David Mcnew / Getty Images
In this Sept 7. photo, marijuana plants grow at the Perennial Holistic Wellness Center, a not-for-profit medical marijuana dispensary in Los Angeles, Calif. On the November ballot, Arkansas voters will be asked whether centers like these can be legal in its state.
Come November, Arkansas voters will be faced with a question unprecedented in the South: Should qualified patients be allowed to buy medical marijuana from nonprofit dispensaries with a doctor's recommendation?
The Arkansas Supreme Court upheld the proposed ballot measure on Thursday, making "The Natural State" the first in the South to ask its voters about medical marijuana, The Associated Press reported. Seventeen other states and the District of Columbia have already legalized medical marijuana to some degree.
The court's review of "The Arkansas Medical Marijuana Act" came after the Coalition to Preserve Arkansas Values filed a lawsuit in August that tried to get the proposal off the state's ballot, NBC station KARK 4 of Little Rock reported. The conservative coalition claimed that the 384-word ballot question doesn't properly explain the consequences of passing the 8,700-word law, according to the AP. Even if the act were passed, approved patients could still be prosecuted under federal law.
"We hold that it is an adequate and fair representation without misleading tendencies or partisan coloring," the court wrote. "Therefore, the act is proper for inclusion on the ballot at the general election on Nov. 6, 2012, and the petition is therefore denied."
The conservative coalition, which includes leaders from the Arkansas Faith and Ethics Council, the Families First Foundation and the Family Council Action Committee, has five days to ask the court for a rehearing, according to KARK 4.
Danny Johnston / AP
Jerry Cox, the head of the Arkansas Family Council and a member of a coalition of groups opposed to the proposed medical marijuana ballot measure, holds a copy of the proposal as he speaks to reporters in Little Rock, Ark. on Thursday.
An attorney for Arkansas for Compassionate Care — the group behind the measure — said he is pleased with the ruling.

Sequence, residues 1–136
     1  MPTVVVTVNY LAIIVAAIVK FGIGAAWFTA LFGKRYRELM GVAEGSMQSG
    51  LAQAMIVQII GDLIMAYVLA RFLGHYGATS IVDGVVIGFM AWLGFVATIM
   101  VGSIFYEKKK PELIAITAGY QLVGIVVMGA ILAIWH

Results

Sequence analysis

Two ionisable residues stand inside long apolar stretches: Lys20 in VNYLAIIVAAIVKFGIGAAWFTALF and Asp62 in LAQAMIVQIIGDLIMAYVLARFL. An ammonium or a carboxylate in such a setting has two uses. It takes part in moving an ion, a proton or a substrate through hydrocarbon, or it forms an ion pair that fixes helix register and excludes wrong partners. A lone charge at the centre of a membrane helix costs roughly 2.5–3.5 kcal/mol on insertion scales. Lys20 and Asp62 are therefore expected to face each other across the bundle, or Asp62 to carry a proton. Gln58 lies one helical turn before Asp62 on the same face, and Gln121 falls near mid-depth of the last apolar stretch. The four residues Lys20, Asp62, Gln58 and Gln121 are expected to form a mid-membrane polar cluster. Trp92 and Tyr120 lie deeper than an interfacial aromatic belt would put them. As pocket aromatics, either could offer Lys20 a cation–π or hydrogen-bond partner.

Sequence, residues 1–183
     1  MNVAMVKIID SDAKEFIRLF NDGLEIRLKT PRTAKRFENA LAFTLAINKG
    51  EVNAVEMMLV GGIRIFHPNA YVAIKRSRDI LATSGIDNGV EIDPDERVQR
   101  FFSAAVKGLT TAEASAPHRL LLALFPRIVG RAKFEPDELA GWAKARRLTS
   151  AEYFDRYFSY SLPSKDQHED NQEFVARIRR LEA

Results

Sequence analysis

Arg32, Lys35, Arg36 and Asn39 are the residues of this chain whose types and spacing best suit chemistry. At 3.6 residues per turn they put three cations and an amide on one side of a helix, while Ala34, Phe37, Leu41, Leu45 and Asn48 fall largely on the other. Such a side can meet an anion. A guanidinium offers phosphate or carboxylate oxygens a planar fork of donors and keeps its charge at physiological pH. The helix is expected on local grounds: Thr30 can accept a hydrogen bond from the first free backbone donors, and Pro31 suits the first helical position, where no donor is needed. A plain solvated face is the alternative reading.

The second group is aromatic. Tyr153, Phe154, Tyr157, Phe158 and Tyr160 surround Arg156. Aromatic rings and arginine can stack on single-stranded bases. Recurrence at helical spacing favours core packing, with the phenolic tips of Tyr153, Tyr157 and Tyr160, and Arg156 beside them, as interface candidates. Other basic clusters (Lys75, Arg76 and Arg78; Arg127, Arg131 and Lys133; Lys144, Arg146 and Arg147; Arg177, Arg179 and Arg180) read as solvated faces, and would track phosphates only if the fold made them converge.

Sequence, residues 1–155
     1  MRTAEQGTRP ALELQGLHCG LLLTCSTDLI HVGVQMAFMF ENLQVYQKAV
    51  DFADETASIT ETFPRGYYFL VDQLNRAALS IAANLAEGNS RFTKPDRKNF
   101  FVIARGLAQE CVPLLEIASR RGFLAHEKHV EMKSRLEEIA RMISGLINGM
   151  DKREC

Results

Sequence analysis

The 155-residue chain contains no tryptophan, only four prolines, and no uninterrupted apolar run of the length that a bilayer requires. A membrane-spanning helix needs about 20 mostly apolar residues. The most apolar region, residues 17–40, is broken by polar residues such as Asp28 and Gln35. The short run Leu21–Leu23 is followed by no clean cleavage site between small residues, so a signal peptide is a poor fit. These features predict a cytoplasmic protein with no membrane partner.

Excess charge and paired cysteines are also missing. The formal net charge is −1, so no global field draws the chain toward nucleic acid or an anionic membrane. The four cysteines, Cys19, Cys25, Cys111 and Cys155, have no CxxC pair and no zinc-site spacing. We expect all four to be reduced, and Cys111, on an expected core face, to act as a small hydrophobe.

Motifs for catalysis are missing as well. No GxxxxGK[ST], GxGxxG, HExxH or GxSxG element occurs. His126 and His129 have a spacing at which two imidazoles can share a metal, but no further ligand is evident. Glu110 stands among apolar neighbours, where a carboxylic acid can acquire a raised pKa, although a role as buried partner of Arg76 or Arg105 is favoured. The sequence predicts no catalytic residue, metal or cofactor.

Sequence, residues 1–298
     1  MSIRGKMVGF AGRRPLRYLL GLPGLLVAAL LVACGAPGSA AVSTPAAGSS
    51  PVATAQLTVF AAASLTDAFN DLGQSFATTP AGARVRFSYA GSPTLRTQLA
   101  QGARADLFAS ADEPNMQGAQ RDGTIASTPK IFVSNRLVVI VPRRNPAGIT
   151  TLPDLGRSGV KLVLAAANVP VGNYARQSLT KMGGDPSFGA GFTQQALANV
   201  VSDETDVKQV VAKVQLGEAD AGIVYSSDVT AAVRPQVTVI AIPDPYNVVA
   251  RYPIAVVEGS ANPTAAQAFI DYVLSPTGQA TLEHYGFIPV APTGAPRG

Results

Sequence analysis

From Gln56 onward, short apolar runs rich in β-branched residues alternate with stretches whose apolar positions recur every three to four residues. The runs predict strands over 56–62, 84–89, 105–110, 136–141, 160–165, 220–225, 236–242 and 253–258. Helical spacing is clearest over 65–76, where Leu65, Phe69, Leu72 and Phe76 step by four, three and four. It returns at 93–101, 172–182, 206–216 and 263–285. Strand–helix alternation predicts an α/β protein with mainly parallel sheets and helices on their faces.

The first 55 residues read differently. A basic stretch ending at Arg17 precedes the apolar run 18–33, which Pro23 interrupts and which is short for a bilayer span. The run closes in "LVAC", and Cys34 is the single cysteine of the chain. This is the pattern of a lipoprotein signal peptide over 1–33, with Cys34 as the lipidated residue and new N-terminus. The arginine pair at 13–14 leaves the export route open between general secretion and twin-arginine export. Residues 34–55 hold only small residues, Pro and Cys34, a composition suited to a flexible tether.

"Now that we've passed muster with the Supreme Court we'll begin our campaign to show the people of the state of Arkansas that this is truly a compassionate measure," attorney David Couch told the AP.
Following the decision, opponents soon responded on Thursday.
"We've shifted into campaign mode," coalition spokesman Larry Page said, according to KARK 4. "We respect the court's decision, but we are very disappointed that this flawed measure will appear on the ballot."
According to the AP, the proposal lets qualified patients or designated caregivers grow marijuana if the patient lives more than five miles away from a dispensary. It also allows minors to use medical marijuana with parental consent. Cancer, Alzheimer's disease, glaucoma, HIV and AIDS would all be qualifying health conditions.
Arkansas Gov. Mike Beebe, a Democrat, is against the measure and told reporters Thursday that he's requested an estimate on how much it will cost to regulate the dispensaries if voters pass it.
"If I understand what I think I understand about it, if it passes, it's going to require a whole of administration from the health department," Beebe said, according to the AP. "I don't know where we're going to get it from."
Beebe also told reporters that he doesn't believe Arkansas voters would legalize medical marijuana.
While voters in Arkansas and Massachusetts are expected to have their say on this issue on the November ballot, voters in North Dakota won't, after its state Supreme Court ruled the initiative can't appear on its ballot, the AP reported.
The Associated Press contributed to this story.
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